Project E46 M3: Part 8 – The dreaded EML Light
Today, the car is running great.  But let us update you regarding a little issue we've been battling over the past year-and-a-half, and thankfully got resolved.

Project M3, Part 8: The Dreaded EML Light

(and what to do about it)

by Pablo Mazlumian

We apologize for the eight-month hiatus with Project E46 M3, but we’ve been hard at work and—even though we had an issue we didn’t tell you about over the past year—the car is now running like a champ.  We’ve even dyno tested a new performance part and added a bunch of tasteful exterior and interior upgrades, but we’ll have more on that soon.  Today we’ll talk about the aforementioned issue that we took care of.

If you haven’t seen the yellow “EML” light on your BMW E46, it’s probably only a matter of time.  It stands for Elektronische Motorleistungsregelung, and it can mean a myriad of “electronic engine power control” issues, mostly having to do with the drive-by-wire system.


Ahh, yes.  The fun EML light.  In Project M3’s case, when this light would come on, the car would shut itself off in a matter of roughly 3 seconds and not start back up.  The engine would turn over but there would be no fuel or ignition, as if we had a dead ECU.  Not fun if you're not sure what to do.

Yes, that’s the windshield fluid low-level indicator, which is empty (because I accidentally drilled a hole through it while putting on a splitter I'll be sharing with you soon).  And yes, that’s also the airbag light, which seems to rear its ugly head on each of the five M3s I’ve owned.  I’m just so used to seeing it that I don’t worry about it any more.

 


The most common part to go wrong in the EML circuit is for one of the Throttle Position Sensors (TPS) to go bad, and the one you hope to be malfunctioning is this one—the #1 TPS—which is right above the air filter.  It’s just the easiest one to swap out.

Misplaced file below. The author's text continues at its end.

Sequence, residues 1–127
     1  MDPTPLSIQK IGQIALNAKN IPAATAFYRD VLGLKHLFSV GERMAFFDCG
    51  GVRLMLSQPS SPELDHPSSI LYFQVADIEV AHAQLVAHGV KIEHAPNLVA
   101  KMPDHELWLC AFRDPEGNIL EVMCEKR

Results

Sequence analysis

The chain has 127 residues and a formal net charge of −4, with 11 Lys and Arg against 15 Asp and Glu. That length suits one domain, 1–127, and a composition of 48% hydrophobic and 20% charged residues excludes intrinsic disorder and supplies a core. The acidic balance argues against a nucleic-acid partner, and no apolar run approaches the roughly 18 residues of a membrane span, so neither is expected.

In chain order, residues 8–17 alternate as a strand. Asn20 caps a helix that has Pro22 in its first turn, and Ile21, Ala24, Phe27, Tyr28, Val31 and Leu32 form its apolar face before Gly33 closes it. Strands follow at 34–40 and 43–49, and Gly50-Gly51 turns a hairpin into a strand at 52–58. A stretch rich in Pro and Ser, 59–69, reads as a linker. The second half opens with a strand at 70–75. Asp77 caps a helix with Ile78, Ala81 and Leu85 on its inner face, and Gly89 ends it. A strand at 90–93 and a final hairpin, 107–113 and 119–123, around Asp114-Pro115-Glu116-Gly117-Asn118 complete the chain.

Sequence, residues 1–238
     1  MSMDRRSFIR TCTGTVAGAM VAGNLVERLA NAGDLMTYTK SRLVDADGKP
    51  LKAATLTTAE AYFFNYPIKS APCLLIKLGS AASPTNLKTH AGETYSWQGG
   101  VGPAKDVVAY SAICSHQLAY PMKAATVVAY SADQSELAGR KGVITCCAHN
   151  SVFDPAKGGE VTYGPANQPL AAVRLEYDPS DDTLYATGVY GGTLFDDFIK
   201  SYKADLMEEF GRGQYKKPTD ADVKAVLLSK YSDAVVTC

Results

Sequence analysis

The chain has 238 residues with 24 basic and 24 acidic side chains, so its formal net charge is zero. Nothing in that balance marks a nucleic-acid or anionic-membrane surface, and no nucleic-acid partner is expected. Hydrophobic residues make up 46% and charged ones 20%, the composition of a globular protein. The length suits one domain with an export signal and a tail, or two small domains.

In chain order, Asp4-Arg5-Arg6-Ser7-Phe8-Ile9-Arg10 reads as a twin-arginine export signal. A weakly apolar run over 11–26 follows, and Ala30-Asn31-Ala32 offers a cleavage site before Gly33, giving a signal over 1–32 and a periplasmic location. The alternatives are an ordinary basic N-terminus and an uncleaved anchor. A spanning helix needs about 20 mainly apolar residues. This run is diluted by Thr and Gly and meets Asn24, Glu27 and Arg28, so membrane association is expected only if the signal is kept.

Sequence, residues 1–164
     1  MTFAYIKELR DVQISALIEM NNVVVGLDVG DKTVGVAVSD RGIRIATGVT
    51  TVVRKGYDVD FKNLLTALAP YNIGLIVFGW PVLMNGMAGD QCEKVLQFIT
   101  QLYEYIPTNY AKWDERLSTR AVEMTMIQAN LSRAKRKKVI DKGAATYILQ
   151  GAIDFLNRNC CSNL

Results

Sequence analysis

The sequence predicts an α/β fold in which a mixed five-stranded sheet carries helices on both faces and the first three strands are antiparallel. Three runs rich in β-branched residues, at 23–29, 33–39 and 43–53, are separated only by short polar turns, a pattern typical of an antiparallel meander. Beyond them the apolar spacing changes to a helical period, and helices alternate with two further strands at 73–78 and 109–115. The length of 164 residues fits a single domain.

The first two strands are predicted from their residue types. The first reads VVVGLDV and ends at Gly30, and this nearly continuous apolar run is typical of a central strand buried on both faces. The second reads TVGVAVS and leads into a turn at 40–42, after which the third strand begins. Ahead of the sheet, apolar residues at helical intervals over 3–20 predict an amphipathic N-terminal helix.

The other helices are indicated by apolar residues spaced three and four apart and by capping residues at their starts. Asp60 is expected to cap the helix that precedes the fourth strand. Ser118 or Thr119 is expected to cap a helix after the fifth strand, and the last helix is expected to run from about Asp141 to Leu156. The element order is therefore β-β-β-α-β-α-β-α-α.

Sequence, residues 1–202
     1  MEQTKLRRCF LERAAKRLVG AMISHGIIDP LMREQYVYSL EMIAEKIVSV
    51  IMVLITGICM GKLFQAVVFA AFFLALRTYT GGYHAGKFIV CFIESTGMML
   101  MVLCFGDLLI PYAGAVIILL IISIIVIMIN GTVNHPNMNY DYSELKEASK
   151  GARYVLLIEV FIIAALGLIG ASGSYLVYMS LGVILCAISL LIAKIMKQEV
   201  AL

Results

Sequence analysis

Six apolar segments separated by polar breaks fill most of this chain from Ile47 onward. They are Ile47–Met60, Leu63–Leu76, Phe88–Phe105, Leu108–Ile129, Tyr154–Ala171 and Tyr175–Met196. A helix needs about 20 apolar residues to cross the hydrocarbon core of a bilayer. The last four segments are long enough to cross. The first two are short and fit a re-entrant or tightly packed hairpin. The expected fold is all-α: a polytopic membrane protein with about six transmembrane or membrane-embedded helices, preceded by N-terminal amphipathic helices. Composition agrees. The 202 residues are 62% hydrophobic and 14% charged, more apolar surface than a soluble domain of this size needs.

The first time I had the EML light come on, it was right after our Corsa exhaust and VAC Motorsport pulleys swap, which was prior to the AEM Infinity EMS installation.  At first, it was puzzling because I’d swapped out TPS #1 and the car ran well, only to have the light come back within a week or two.

 


When you swap out the TPS, be careful not to strip the Phillips screws, which are weak-sauce.  I later replaced them with these socket head cap screws, which have an Allen head, size M4 0.7 x 25mm.

Unfortunately, after a couple of weeks the EML light would come on at times, and the car would stall again.  I had hoped that the new AEM Infinity install in Part 6 would clear this, things unfortunately didn’t change.  But then it drove fine for months again.  So far, so weird.

It wasn’t until my wife and I took a road trip last November, 2013, from Kansas City to St. Louis (to watch Argentina take on Bosnia/Herzegovina in a FIFA soccer friendly—holy cow there are a lot of Bosnians in St. Louis!) that I figured out what was going on, or so I thought.  First I’d thought we were stuck on the side of the road for good, and our weekend was ruined.  Luckily, we both figured out—OK she spotted it, and wants my readers to know it—that pulling fuse #29, and reinserting it with the key off cleared the EML light (I recently also realized that pulling TPS #1 and plugging it back in would do the same trick).  This trick would work, but only for 20minutes or so.

 

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